A student unwittingly became an entry point for a ransomware malware that cost a biomolecular institute a weeks’ worth of vital research. The student didn’t want to pay for a software license and downloaded a cracked version of a program that was infected with malware.
Sophos cybersecurity company described a client’s case in which the team was to remediate an active cyberattack at a European biomolecular facility involved in the life sciences and research related to COVID-19. The name of the biomolecular institute has not been disclosed.
Sophos determined that it was Ryuk ransomware that had infiltrated the facility’s network through a student.
The student wanted to install a data visualization software tool. But since a license would cost them hundreds of dollars per year, the student eventually chose to install a cracked version instead. To install the cracked software the student had to turn off Windows Defender and the firewall. Malware contained a Trojan. Because the institute allowed students to use their personal devices to access its network via remote Citrix sessions, the Trojan eventually harvested the student’s credentials for accessing the biomolecular institute’s network.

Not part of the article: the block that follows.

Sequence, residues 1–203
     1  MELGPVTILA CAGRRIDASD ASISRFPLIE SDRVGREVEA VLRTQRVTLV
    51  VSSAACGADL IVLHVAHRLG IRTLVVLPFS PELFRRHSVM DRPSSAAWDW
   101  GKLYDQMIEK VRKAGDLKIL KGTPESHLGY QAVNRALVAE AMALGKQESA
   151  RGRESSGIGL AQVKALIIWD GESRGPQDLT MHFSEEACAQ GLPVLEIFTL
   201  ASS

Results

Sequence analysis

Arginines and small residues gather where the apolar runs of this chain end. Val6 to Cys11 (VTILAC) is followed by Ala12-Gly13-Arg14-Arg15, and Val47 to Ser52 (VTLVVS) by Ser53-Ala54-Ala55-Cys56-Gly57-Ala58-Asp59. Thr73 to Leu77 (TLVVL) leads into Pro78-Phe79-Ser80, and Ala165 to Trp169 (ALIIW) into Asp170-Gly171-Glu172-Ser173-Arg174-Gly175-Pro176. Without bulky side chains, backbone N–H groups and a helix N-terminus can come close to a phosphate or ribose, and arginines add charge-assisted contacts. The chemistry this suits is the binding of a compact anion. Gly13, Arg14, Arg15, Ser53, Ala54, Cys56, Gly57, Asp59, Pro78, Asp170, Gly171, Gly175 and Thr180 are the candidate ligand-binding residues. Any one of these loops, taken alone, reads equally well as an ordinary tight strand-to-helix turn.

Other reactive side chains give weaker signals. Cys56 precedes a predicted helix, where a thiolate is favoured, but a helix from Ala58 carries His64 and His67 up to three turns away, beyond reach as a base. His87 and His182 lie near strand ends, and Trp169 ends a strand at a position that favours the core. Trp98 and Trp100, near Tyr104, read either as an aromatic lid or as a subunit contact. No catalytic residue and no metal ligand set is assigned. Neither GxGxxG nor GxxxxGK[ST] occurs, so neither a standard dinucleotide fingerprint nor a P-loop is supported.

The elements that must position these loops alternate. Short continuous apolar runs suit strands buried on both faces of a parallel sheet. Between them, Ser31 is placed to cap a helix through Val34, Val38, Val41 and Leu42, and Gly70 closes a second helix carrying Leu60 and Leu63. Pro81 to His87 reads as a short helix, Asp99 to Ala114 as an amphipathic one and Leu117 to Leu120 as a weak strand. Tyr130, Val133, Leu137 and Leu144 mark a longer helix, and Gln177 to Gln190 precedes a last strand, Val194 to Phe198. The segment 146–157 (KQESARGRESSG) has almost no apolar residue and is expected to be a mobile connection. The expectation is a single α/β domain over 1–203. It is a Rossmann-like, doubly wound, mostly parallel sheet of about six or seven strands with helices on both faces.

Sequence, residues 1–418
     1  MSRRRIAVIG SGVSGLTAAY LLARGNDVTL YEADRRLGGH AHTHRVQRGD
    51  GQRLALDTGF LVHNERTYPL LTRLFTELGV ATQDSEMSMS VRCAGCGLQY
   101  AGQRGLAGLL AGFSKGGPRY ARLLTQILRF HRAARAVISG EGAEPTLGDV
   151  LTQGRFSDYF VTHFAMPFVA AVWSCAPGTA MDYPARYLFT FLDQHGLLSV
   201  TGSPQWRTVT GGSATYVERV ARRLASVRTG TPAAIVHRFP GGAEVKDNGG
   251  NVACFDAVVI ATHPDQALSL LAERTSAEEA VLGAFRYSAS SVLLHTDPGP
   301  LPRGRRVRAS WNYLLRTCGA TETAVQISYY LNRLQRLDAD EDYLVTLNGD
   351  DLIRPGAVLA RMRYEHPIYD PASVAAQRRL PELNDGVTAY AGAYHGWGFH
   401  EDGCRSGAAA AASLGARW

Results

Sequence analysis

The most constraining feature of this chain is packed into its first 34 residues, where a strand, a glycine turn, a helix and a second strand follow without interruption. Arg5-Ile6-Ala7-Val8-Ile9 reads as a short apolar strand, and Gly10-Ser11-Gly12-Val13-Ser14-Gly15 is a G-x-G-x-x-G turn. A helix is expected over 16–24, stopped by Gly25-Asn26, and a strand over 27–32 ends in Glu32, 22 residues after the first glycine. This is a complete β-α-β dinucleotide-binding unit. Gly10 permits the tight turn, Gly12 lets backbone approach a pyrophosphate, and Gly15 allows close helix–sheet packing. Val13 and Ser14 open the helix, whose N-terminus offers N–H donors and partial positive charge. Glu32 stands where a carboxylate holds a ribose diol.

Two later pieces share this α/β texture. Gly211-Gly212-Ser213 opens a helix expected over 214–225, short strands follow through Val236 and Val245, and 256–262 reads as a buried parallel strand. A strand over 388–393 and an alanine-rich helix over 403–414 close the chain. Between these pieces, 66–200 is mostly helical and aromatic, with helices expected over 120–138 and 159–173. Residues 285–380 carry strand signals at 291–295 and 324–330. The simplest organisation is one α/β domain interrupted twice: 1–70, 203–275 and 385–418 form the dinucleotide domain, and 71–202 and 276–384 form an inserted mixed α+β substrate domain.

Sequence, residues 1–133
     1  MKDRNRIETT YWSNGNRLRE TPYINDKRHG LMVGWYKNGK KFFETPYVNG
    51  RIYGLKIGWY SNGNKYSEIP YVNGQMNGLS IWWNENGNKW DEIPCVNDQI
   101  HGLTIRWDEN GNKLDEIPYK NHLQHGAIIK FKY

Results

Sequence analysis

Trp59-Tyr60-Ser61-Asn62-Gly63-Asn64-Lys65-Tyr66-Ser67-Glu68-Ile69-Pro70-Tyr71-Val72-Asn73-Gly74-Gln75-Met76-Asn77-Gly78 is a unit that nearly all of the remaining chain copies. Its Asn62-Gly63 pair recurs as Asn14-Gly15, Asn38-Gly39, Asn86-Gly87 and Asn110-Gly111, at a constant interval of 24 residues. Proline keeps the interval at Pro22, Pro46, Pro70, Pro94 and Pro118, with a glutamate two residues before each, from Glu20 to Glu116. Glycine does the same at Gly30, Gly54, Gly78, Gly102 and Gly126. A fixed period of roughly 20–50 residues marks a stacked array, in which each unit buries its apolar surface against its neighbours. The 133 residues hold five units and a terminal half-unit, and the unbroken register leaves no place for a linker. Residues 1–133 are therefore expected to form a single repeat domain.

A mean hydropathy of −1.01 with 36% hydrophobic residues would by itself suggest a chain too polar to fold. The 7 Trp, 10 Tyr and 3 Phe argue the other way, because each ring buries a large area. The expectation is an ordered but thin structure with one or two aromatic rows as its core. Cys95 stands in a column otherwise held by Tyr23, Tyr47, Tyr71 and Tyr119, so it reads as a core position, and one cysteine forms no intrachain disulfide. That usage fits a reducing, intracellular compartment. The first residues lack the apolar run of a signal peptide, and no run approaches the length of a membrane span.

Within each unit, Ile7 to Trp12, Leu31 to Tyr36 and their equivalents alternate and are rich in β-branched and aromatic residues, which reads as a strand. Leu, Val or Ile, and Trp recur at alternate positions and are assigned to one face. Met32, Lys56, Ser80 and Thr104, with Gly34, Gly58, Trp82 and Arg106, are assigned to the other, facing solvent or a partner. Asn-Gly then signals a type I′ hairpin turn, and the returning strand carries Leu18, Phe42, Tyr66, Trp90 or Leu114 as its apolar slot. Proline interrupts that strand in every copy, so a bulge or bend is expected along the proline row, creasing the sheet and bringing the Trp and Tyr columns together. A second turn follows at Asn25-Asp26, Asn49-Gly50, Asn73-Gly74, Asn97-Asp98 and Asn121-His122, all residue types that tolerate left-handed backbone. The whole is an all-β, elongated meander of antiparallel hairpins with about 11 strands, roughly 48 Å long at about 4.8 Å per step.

Thirteen days later, an apparent attacker established a remote desktop protocol (RDP) connection using the student’s credentials and the name “Totoro,” an anime character.
“A feature of RDP is that a connection also triggers the automatic installation of a printer driver, enabling users to print documents remotely,” Sophos says. “This allowed the Rapid Response investigation team to see that the registered RDP connection involved a Russian language printer driver and was likely to be a rogue connection.”
Sophos team believes that credentials for the institute’s network were sold in an underground market, and later the buyer made that RDP connection probably to test access.
Ten days after the connection, Ryuk was deployed on the network and encrypted the institute’s network. This costed a week of research data as not all data had been backed up.
Before the institute could resume normal work, system and server files had to be “rebuilt from the ground up,” the researchers added.
“This is a cautionary tale of how an end user’s security misjudgement can leave an organization exposed to attack when there are no solid security policies in place to contain the mistake,” commented Peter Mackenzie, manager of Rapid Response at Sophos.